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Returning to ‘Legends after a 16-year hiatus was Les Casques de Cuir’s F4U-5N Corsair, brought to Duxford from its La Ferté-Alais home by Baptiste Salis. This aircraft is a combat veteran, having been manufactured in 1951 and assigned to VC-3 with whom it flew from the carriers USS Valley Forge and USS Boxer. In 1956 the Corsair was delivered to Honduras where it partook in the “Soccer War” with El Salvador. It was eventually sold into private ownership and ended up with the Salis family in France. The Corsair has just emerged from an 11-year restoration, wearing a new VC-3 night fighter guise.

Baptiste was notably the first of the prestigious Salis family to fly at ‘Legends, flying alongside TFC’s Corsair (flown by Alan Wade) for a duo tail chase comprising aerobatic figures and figure-eight passes. Pete Kynsey also gave a finnessed account of TFC’s Grumman Bearcat, demonstrating the diminutive fighter’s exceptional performance with such figures as a 16-point hesitation roll, a vertical 360 degree aileron roll and a penetrating loop with a roll at the apex. Since Stephen Grey’s retirement in 2013, PK has really made the Bearcat his own – his is an instantly recognisable display profile that is amongst the very best you’ll see at an airshow.

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Continuing the naval theme were Nick Grey and Richard Grace in TFC and Anglia Aircraft Restorations’ Hawker Furies. There’s a long lineage of ‘ultimate big pistons’ displays at Flying Legends, dating back to the mid-’90s when Messrs Hanna and Grey tore the sky apart in the Fury and Bearcat. More recently, Nick Grey and Frédéric Akary revived the sequence in Furies, and this year the Fury ‘jousting’ made a welcome return with the Sea Fury T.20 and Fury ISS providing some of the most genuinely enthralling flying of the weekend.

Further warbird tail chasing came courtesy of a pair of P-51 Mustangs. Dave Evans led these in restored (by Fighter Rebuilders and Pacific Fighters respectively) and repainted TF-51D Contrary Mary, formerly the somewhat drab Miss Velma and now wearing a wonderful 78th Fighter Group scheme. Air Leasing worked tirelessly to complete the Mustang’s restoration following its return to the UK in summer 2018, and to iron out some snags prior to the show. Their efforts were well rewarded – she was one of the stars of the show. On Evans’ wing was a ‘Legends debut, the Early Birds Foundation’s P-51D Trusty Rusty. Formerly a Reno Air Race participant as Miss Ashley, this Mustang has undergone several racing modifications, including the removal of its .50cal machine guns and the fairing over of its gun ports. Edwin Boschoff, a sporadic visitor to ‘Legends who has previously displayed the Beech Staggerwing at the show, flew the aircraft at FL2018. Flying powerful solo aerobatics over the far side of the airfield to add depth to the sequence was the irrepressible Lars Ness in Shaun Patrick’s P-51D ‘The Shark’.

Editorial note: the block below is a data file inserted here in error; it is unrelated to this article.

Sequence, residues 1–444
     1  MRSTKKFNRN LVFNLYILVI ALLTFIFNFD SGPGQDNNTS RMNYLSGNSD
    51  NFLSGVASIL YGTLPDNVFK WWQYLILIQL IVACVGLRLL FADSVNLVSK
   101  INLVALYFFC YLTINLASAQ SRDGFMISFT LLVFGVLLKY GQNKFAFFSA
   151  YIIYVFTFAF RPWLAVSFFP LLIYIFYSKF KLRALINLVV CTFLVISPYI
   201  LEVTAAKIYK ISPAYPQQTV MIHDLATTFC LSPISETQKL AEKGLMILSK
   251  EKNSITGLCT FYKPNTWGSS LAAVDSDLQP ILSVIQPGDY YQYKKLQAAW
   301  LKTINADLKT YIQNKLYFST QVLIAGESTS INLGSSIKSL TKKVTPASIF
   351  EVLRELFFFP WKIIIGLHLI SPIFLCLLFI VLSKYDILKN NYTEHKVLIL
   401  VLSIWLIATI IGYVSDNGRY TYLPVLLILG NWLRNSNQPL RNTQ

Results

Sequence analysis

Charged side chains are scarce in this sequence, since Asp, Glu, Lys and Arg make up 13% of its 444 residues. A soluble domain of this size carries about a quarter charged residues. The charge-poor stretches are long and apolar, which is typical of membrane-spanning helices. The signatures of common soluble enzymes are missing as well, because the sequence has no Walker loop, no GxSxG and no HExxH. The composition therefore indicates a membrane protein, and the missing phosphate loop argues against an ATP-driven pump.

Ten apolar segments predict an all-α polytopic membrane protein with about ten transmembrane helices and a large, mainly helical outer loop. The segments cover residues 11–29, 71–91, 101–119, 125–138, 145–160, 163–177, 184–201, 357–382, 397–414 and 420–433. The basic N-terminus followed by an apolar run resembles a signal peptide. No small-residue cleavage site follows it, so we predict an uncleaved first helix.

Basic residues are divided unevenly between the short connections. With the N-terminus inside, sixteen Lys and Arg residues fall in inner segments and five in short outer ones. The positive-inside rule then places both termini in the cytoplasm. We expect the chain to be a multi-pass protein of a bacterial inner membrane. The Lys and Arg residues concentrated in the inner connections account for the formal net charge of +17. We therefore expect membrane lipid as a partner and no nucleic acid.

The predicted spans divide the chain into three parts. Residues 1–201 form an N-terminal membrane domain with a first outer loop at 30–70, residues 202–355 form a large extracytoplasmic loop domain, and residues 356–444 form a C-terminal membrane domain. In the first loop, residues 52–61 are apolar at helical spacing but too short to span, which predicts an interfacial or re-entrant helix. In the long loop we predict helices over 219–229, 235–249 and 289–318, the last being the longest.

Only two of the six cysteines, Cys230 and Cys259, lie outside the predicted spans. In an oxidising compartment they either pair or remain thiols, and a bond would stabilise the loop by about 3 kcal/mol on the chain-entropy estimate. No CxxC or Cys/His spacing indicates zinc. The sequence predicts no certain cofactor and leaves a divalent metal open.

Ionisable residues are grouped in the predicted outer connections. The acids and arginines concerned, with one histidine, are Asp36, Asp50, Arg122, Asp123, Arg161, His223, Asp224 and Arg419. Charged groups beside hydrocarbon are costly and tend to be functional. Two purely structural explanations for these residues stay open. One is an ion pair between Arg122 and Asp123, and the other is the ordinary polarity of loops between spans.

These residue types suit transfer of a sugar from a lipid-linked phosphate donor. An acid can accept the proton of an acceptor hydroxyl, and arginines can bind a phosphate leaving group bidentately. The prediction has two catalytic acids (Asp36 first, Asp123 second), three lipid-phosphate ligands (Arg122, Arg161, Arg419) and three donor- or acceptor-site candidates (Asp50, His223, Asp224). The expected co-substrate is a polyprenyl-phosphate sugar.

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Fighter Aviation Engineering Ltd’s P-47D Thunderbolt Nellie, formerly No Guts – No Glory!, is one of the warbirds maintained and operated under the Air Leasing banner and was flown at Flying Legends by Stuart Goldspink. Seeing the Thunderbolt alongside B-17 Flying Fortress Sally B evoked some real nostalgia, that pairing having been a hallmark of many a ‘Legends from 1993 to 2007.

Over the years Flying Legends has staged several special formations commemorating the early days of the Second World War, dating back to 2008’s quartet of Gladiator, Hurricanes and Spitfire Mk.I. Over successive years we’ve seen the formations grow with the return to flight of more period aeroplanes, including quartets of interwar Hawker biplanes and Spitfire Mk.Is, and numerous combinations of Blenheim, Spitfires and Hurricanes, peaking with 2017’s grouping of Blenheim Mk.I, five Hurricanes and three Spitfire Mk.Is.